The Diary of Rexford G. Tugwell: The New Deal, 1932-1935

By Michael Vincent Namorato | Go to book overview
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Foreword

Who was Rexford G. Tugwell? Not one in a thousand randomly chosen Americans will know the name. Younger citizens have never known it; their elders have forgotten. In the twentieth century's fastpaced second half the epochal events of the first have disappeared into history like the features of the earth photographed from a satellite plunging into space. What was once prominent becomes an indistinguishable blur in an absorbing contour. The World War, the Great War, the War to End Wars, faded into World War I as American school children struggled to remember that it came after the Civil War, not before. The Great Depression, the Brains Trust, the New Deal have either disappeared from the American history taught in public schools or become a few lines in a paragraph summarizing broader events, perhaps the career of Franklin D. Roosevelt--who is increasingly confused with the earlier president of the same surname.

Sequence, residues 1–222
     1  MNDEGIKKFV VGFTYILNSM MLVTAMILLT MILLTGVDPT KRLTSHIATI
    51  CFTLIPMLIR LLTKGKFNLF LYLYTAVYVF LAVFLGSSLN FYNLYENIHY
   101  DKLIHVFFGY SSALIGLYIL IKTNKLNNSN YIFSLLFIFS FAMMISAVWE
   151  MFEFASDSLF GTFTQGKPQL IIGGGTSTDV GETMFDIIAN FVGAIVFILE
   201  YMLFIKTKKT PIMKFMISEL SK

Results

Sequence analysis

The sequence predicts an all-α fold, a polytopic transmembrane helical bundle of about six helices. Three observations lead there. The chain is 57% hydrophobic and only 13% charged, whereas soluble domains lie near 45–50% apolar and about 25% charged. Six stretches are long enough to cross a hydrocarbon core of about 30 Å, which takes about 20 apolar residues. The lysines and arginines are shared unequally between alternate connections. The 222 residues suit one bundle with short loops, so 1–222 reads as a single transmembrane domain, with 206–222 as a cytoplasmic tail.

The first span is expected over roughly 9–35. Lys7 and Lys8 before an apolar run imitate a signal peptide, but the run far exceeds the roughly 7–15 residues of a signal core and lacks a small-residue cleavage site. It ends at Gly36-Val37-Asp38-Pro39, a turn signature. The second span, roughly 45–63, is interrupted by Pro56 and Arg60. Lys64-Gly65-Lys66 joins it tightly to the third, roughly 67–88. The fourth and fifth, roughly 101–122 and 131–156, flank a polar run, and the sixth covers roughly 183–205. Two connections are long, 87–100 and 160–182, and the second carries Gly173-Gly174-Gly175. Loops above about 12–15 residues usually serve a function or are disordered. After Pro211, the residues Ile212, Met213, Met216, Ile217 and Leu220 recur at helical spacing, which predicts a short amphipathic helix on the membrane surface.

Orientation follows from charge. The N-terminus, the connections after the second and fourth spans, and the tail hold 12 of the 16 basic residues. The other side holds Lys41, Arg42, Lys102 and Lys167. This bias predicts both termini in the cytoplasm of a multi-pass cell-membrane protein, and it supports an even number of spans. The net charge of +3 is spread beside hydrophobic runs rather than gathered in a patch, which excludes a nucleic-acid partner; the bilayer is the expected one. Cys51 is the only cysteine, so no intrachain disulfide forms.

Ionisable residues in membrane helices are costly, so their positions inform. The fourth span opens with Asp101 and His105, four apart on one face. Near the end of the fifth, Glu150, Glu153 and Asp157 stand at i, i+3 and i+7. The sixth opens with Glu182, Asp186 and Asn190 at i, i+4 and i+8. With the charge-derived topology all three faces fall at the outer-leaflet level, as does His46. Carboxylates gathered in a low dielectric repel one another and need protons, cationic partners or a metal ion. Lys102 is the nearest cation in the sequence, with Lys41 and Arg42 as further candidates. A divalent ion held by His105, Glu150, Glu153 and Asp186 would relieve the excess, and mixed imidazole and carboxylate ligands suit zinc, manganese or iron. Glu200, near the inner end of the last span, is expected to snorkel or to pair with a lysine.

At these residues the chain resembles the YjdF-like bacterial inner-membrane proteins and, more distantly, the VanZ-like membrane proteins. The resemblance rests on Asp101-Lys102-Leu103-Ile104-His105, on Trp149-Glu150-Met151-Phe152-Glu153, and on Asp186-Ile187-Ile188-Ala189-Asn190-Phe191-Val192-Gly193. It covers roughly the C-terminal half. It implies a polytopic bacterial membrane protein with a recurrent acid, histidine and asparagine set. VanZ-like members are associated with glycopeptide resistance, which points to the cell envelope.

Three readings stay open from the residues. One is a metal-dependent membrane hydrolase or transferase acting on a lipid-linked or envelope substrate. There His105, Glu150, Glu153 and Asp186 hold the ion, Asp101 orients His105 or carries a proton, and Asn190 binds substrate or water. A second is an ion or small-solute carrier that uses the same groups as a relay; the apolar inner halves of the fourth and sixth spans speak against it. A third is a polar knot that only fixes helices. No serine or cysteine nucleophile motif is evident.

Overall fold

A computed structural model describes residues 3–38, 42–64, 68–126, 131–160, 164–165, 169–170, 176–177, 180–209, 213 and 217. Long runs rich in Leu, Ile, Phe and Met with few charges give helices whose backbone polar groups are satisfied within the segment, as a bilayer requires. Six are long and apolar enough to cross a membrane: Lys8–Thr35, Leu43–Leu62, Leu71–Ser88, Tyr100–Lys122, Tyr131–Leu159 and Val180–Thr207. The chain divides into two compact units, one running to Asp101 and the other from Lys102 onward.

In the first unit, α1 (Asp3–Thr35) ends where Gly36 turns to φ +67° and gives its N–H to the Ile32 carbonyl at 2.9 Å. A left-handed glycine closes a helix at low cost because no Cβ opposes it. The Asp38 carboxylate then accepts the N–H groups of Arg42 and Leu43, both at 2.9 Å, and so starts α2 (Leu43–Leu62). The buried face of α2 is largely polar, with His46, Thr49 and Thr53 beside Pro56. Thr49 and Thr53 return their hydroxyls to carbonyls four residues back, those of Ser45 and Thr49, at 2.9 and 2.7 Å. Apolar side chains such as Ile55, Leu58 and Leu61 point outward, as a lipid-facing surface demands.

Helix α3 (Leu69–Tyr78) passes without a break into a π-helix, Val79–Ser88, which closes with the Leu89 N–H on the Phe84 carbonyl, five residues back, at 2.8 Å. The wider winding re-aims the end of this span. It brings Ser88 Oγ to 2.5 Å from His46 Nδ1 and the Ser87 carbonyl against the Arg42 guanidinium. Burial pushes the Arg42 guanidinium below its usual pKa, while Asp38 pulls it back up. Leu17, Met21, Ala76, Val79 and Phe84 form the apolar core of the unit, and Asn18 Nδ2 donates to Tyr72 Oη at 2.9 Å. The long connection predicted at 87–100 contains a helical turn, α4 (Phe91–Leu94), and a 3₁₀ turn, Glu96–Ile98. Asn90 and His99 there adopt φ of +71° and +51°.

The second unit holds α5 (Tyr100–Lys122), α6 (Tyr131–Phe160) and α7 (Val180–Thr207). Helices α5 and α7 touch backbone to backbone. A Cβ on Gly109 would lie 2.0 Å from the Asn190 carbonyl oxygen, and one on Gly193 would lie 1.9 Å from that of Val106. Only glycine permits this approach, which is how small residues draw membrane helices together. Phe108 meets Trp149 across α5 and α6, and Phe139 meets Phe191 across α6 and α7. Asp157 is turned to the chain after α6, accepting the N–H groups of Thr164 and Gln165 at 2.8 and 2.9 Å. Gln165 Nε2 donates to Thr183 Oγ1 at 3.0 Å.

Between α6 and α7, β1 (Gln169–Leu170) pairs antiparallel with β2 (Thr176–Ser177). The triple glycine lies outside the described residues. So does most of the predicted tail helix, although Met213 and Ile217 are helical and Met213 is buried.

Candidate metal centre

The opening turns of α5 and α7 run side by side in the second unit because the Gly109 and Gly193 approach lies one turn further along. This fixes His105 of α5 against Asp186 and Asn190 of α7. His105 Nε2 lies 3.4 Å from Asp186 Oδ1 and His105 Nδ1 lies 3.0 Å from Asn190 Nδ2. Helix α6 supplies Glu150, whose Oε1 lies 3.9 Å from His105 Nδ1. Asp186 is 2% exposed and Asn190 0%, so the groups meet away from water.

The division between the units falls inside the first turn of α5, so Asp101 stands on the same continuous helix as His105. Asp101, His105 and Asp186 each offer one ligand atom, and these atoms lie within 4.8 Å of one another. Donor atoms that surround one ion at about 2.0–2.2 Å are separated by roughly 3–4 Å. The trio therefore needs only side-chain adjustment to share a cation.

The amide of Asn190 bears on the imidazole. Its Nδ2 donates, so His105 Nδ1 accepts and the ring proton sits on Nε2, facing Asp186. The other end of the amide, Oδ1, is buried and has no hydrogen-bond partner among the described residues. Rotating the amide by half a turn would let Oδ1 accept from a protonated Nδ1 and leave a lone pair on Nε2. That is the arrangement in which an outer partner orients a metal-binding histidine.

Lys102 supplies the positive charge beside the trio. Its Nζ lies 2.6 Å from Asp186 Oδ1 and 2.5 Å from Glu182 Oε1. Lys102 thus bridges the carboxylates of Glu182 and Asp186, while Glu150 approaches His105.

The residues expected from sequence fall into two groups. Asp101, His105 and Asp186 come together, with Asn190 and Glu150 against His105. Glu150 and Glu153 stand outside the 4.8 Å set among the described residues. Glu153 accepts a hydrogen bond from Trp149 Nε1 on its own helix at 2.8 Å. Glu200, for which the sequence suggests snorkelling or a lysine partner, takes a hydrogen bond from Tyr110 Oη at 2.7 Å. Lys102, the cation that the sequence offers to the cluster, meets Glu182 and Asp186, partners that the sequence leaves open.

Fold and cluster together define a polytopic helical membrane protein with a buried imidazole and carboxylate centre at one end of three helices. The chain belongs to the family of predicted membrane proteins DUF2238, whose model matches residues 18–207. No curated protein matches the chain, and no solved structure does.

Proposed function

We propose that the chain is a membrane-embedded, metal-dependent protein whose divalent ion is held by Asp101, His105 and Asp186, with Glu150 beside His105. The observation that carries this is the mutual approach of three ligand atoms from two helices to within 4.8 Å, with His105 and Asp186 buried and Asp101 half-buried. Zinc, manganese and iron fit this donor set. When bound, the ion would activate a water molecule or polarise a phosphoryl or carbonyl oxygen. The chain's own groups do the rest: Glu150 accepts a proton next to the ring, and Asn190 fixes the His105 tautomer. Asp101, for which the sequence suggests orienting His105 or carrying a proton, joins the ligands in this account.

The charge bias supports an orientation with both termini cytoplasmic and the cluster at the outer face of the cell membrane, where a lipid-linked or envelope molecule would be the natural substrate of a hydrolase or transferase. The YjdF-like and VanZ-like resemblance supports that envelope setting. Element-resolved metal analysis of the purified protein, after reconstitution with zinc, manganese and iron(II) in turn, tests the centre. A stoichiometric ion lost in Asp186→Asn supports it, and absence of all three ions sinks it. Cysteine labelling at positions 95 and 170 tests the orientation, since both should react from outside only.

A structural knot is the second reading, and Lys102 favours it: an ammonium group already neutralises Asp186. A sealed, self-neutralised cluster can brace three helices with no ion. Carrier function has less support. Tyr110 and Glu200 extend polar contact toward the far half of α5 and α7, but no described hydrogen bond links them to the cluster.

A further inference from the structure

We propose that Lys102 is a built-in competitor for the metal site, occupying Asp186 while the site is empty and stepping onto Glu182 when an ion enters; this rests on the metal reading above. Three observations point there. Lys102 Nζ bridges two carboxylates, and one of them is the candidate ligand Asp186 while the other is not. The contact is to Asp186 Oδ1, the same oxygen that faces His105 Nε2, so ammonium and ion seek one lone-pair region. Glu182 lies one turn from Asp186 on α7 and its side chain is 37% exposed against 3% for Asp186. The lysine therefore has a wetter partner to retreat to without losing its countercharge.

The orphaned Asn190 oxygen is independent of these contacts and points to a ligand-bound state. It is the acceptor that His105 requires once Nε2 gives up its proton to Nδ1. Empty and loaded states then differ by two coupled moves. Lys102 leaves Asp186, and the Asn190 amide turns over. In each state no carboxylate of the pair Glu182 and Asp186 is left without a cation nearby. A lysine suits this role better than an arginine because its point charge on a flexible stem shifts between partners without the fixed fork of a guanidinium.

Rexford Tugwell, for all his current anonymity, was a public man for his times, 1891-1979. He took three economics degrees from the University of Pennsylvania--B.S., M.A., Ph.D.--and rose through the ranks at Columbia University to professor of economics. Tugwell joined the Brains Trust in 1932, and served as assistant secretary of agriculture, undersecretary of agriculture, and director of the Resettlement Administration before becoming chairman of the New York City Planning Commission in 1938, Chancellor of the University of Puerto Rico in 1941, and Governor of Puerto Rico that same year. Who Tugwell was and what he thought and did have been set out in large measure by the man himself. In his able biography, Michael V. Namorato devoted ten pages to a listing of Tugwell's publications. The books and articles will serve only researchers concentrating on Rexford Tugwell. There will be few. What

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